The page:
Why couldn't you back up as you go? I do that all the time with everything. Isn't it SOP for any
-- Tom Fine
----- Original Message -----
From: "CJB" <[log in to unmask]>
To: <[log in to unmask]>
Sent: Wednesday, November 05, 2014 4:59 AM
Subject: Re: [ARSCLIST] 256 G SSD was [potentially interesting scanner ...]
> You are using a 256 G SSD device for a project that sounds very
> archival in nature. Are these cards really that reliable. I avoid
> anything greater than 1G SSDs for photography work - if one goes bad
> then I lose a few hundred images (backed up anyway on a hard-drive).
> But if a 256 G SSD went bad then I'd lose milions. Not worth the risk.
> Chris B.
> On 05/11/2014, Tom Fine <[log in to unmask]> wrote:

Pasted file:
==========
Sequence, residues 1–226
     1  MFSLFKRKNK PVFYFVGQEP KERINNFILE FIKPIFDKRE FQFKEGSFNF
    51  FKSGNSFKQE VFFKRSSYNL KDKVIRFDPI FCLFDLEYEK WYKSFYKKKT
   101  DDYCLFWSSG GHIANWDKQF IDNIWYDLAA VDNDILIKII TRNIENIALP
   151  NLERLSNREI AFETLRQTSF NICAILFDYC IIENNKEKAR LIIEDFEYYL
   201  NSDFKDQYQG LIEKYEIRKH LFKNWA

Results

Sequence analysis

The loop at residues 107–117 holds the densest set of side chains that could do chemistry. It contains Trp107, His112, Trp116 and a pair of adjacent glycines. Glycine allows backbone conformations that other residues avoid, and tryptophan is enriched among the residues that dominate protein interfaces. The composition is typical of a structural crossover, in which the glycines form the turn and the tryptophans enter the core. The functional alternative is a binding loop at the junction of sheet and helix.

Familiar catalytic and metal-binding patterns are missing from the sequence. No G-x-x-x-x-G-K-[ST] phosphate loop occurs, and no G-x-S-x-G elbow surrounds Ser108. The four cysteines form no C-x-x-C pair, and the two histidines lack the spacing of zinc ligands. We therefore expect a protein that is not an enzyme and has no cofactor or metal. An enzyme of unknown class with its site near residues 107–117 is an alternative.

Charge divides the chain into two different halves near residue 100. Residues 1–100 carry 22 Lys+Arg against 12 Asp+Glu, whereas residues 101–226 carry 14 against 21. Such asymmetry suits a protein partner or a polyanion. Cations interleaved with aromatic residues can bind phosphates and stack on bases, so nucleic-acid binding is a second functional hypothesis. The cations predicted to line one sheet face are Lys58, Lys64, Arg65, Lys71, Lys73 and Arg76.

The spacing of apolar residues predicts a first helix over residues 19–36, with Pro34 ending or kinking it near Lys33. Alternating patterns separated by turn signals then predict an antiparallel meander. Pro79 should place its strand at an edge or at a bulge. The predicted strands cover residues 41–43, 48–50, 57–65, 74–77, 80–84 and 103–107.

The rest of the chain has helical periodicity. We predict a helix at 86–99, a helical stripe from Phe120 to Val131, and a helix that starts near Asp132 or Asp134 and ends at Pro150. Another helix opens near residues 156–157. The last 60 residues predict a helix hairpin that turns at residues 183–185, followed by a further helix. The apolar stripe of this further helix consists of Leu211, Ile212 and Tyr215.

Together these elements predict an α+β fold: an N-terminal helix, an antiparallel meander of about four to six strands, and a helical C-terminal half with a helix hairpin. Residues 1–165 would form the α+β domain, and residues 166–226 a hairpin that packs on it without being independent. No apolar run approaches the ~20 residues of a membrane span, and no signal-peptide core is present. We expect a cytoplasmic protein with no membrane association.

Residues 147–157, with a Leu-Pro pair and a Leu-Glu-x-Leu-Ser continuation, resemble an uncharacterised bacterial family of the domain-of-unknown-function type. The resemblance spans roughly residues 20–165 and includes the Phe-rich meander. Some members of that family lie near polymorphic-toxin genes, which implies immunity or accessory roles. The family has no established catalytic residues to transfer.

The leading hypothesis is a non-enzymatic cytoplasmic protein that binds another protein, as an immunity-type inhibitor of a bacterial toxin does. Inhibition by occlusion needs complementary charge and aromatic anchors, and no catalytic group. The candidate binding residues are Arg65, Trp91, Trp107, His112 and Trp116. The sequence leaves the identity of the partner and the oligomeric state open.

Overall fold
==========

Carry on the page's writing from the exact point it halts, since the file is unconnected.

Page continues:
>> The HP Sprout:
>> Of course they don't give the full scanning-area dimensions, only "20 inches
>> wide", but I noted that
>> the surface cover sheet sold seperately is 22" by 16", indicating to me that
>> it also covers the
>> border areas, and thus the scanning area is likely 20" by 14". If that is
>> the case, this may be a
>> very quick and convenient way to scan LP covers, magazine pages, book text,
>> etc. Flatbed scanners
>> are great, but time consuming. I say this as one who has scanned hundreds of
>> LP covers the
>> old-fashioned way.
>> One thing I wondered about right off is, how much does ambient light effect
>> the scan quality? Must
>> you have exactly-placed light sources as you would using a camera stand (the
>> big turnoff about that
>> method).? Or, does this thing have some sort of system where it ignores
>> ambient light and only uses
>> whatever light frequency is put out by its LEDs?
>> I'm also not clear how it's a "3D scanner," as the way its demonstrated in
>> the video indiates
>> nothing like full 3D scanner functionality (360 degree scanning, fractal
>> modelling, etc).
>> -- Tom Fine